Claylands covers 8.29 hectares. It lies on the urban fringe of Bishop's Waltham and is well used by local people, comprising secondary woodland, grassy and scrub covered south facing slopes forming the banks of an old clay working, a meadow which was landfill, two neutral grassland meadows and a number of ponds which support a population of Great Crested newts.
Harvey's Meadow (4.3 acres) was acquired from a local farmer in 1997, with the help of local donations. Harvey's Meadow is not currently within the SINC designation but could warrant inclusion following favourable management.
Grazing is currently carried out by between four and six highland cattle in September and October every year over all the grassland habitats in the reserve. The reserve has two small meadows and the banks of the old pit form an important grassland community which is under constant threat of scrubbing over. The grasslands are species rich and excellent for invertebrates with an abundance of nectar sources.
The banks of the pit face south east and therefore form an ideal habitat for invertebrates. Secondary woodland, mainly deciduous, woodland blocks can be found at either end of the banks of the pit. Woodland includes a small number of Scots Pines and Turkey Oaks, but is predominantly Hawthorn, Pendunculate Oak and some Hazel and Ash. The northern most boundary of the site consists of a very old hedge considered to be once part of the parklug of the Palace of Bishop's Waltham. A sessile oak has been identified as growing in this hedge. There are other more indistinct hedges around the boundary of the claypit which in due course are planned to be laid.
Some 14 ponds have been created in recent years to help expand the Great Crested Newt breeding habitat. These ponds vary in size and ability to hold water. Some limited pond work has been carried out most winters to enlarge or reseal existing ponds or to create further small ponds. The ponds are being planted with appropriate local native aquatic and marginal species mainly from existing ponds within the Parish of Bishop's Waltham. Claylands is one of only two sites in Hampshire where French Oat-grass (Gaudinia fragilis) is found (the other is in a meadow at Curdridge.)
Noteable species include Pepper saxifrage (Sileum sileus), corky-fruited dropwort (Oenanthe pimpinelloides), Slender Birds-foot trefoil (Lotus angustissimus), Grass Vetchling (Lathyrus nissolia), Strawberry Clover(Trifolium fragiferum), and Quaking Grass (Briza media).There are also large populations of common spotted orchids on the banks of the reserve.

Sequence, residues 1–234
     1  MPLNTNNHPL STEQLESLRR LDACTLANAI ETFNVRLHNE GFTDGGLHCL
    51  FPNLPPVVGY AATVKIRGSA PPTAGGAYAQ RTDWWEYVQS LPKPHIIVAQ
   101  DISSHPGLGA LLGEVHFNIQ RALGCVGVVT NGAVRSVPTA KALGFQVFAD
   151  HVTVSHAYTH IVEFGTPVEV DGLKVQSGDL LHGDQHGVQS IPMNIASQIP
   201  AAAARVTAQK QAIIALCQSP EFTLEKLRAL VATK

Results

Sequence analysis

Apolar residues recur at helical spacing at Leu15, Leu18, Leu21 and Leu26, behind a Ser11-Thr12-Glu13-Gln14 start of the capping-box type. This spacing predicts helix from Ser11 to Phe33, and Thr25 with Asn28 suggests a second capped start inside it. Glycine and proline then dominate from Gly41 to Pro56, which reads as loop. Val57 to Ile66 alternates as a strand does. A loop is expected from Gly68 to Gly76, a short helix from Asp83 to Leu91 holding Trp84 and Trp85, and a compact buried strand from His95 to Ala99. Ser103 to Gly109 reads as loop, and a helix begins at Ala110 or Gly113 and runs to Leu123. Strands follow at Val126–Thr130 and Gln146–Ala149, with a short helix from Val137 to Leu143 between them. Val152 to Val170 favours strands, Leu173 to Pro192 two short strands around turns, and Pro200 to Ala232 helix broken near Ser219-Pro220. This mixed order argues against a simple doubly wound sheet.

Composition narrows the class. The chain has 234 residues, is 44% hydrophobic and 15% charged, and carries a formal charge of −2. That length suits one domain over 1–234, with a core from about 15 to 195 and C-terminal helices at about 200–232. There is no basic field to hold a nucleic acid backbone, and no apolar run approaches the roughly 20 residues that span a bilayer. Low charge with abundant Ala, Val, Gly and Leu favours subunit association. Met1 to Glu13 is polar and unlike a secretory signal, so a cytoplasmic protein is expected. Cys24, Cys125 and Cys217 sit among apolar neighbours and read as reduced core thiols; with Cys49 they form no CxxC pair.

A female Long-tailed Blue butterfly from continental Europe was found on the nature reserve in 2006. This is a very rare species in the UK with very few Hampshire records. The only real invasion year from France and further south was in 1945 when dozens of specimens were recorded in southern England.
The blue was found on the weekly butterfly transect by local volunteers, Jos and Marian Creese on Friday 21 July 2006 and was re-found by Ruth Croger on Monday 24 July and then seen again by butterfly twitchers later in the week.
Other more common species of butterfly occur on the reserve, notably Painted Lady and Clouded Yellow which are both annual migrants from the continent in variable numbers. Ringlets, Marbled White, Small and Essex Skippers occur and it’s always worth checking high in the oaks and ash trees for Purple Hairstreak butterflies dancing around the tree tops.
Glow worms can be found after dark on summer evenings. The flightless female glow worm (which is in fact a beetle) glows to attract the winged males.
In the summer the hay meadows and banks are a blaze of wildflowers, with swathes of white Corky-fruited Water-dropwort, purple Knapweed, yellow Slender and Bird's-foot Trefoil in flower attracting insects to nectar, along with Fleabane and Common Spotted Orchids. Strawberry Clover also flowers on the reserve a scarce species of damp grassland of the coast much rarer inland in Hampshire. A new species of wildflower for the reserve was recorded recently - Sneezewort, a species found in un-improved damp grassland usually on clay.
The ponds which were dug to help increase the breeding habitat for Great Crested Newts and other aquatic life also attract many dragonflies and damselflies.